Originally published April 13, 2018 at 12:42p.m., updated April 13, 2018 at 03:53p.m.

Chancellor sees no need for independent investigation of KU Athletics in wake of indictment

University of Kansas Chancellor Douglas Girod and a KU-branded adidas basketball are pictured in Journal-World file photos.

University of Kansas Chancellor Douglas Girod and a KU-branded adidas basketball are pictured in Journal-World file photos.


University of Kansas Chancellor Douglas Girod said Friday that he doesn’t plan to seek an independent investigation of the Kansas athletics department in the wake of a growing college basketball scandal.

A federal indictment on Tuesday alleges a family member and a guardian of two KU basketball players were paid, in total, at least $130,000 as part of a pay-to-play scheme by an executive of Adidas, which has a multimillion-dollar partnership with Kansas Athletics Inc.

Girod said he has “complete confidence” in the athletic department’s adherence to NCAA rules.

“The university constantly evaluates its processes to ensure we are in compliance and using best practices,” Girod said in a statement. “Last fall when news of the FBI probe first broke, the NCAA directed all Division I programs to examine their men’s basketball programs. We did that, with third-party assistance, and at the conclusion of that process, we expressed our complete confidence that our staff understand and follow the rules — and that hasn’t changed. The recent indictment names KU as a victim and asserts that unlawful activities were deliberately concealed from KU officials. The indictment does not suggest any wrongdoing by the university, its coaches or its staff.”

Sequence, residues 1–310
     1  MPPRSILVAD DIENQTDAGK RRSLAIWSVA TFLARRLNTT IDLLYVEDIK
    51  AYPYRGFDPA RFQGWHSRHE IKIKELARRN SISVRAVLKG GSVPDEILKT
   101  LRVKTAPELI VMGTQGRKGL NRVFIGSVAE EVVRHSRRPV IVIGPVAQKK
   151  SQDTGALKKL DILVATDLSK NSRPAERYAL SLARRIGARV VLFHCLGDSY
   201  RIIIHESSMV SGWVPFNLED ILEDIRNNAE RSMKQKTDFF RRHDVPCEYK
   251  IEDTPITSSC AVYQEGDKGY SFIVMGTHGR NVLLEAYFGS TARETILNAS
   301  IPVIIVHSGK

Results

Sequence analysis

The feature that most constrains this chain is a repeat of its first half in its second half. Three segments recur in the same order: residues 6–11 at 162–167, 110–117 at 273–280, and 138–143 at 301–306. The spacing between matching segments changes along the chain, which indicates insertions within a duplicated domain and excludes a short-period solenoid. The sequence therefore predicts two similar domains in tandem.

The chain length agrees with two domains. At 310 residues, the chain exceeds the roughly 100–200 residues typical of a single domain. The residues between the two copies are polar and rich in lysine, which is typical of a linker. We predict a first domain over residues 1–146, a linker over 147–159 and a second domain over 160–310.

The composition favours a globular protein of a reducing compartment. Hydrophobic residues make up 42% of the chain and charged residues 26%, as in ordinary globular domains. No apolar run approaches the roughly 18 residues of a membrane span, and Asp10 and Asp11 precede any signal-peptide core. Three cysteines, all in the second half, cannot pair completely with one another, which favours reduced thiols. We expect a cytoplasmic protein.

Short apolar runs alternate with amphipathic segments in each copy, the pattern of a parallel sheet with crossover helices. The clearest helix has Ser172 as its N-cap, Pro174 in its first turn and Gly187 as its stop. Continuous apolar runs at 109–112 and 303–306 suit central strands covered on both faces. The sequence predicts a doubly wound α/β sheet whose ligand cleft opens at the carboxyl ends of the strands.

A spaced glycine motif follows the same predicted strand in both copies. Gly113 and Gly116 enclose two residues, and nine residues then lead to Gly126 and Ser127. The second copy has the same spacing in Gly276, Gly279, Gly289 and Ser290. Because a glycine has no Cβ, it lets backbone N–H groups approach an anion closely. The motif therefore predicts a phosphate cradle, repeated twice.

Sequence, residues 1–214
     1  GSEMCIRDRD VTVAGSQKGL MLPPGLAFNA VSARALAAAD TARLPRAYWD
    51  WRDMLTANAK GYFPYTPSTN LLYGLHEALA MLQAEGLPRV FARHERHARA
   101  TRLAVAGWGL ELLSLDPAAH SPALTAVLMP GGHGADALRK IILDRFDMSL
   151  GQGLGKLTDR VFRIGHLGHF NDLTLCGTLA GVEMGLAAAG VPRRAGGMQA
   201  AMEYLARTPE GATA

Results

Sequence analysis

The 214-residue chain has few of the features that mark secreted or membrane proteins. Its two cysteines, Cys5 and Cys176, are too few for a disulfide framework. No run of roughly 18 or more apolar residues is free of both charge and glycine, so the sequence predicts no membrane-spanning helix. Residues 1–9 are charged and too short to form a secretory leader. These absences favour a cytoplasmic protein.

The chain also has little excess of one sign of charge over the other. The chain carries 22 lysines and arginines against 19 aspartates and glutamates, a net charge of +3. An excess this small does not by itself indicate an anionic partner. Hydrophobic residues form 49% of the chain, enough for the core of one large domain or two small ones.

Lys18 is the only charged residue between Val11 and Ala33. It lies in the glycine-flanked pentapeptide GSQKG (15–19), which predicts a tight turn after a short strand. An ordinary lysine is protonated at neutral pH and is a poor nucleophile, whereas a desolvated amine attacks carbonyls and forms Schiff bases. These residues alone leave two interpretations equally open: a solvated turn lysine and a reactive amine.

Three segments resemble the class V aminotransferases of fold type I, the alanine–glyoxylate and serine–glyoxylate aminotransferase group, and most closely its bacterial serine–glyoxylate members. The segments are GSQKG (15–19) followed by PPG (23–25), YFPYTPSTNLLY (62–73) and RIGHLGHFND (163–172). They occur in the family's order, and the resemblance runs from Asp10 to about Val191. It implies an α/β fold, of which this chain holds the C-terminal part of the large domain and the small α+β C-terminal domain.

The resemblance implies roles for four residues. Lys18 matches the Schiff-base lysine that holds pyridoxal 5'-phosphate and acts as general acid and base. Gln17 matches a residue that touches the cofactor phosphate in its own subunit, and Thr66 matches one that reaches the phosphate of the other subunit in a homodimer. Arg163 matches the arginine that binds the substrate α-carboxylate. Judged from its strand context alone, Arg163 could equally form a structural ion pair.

It wasn’t immediately clear what specific findings the NCAA-mandated examination referred to by Girod produced. The Journal-World has asked the chancellor’s office for all written reports related to that examination.

In October, the Journal-World reported that the athletic department hired the Overland Park law firm of Bond, Schoeneck and King to assist with the review. But, at the time, KU Athletics spokesman Jim Marchiony noted that the department wasn’t conducting an outside review and that most of the work would be done by KU staff.

“We are not asking them to come in and conduct an examination,” Marchiony said of the law firm. “We’re going to ask them to help us make sure that we’re doing it correctly and that we dot all the i’s and cross all the t’s.”

Since the pay-for-play scandal emerged in September, KU has become more directly involved. Tuesday’s indictment was the first one that mentioned KU. Tuesday’s indictment also shed more light on the practices of an Adidas executive and two Adidas consultants who are alleged to have played key roles in the scheme.

One of the Adidas consultants reportedly is a former Massachusetts AAU coach with a significant criminal history, who also had been punished by the NCAA for alleged ties to an NBA agent. The New York Times, citing two sources close to the investigation, reported T.J. Gassnola is the Adidas consultant who is implicated in the indictment. The indictment alleges he had direct contact with a guardian of a KU recruit and arranged for at least $40,000 in payments to the guardian.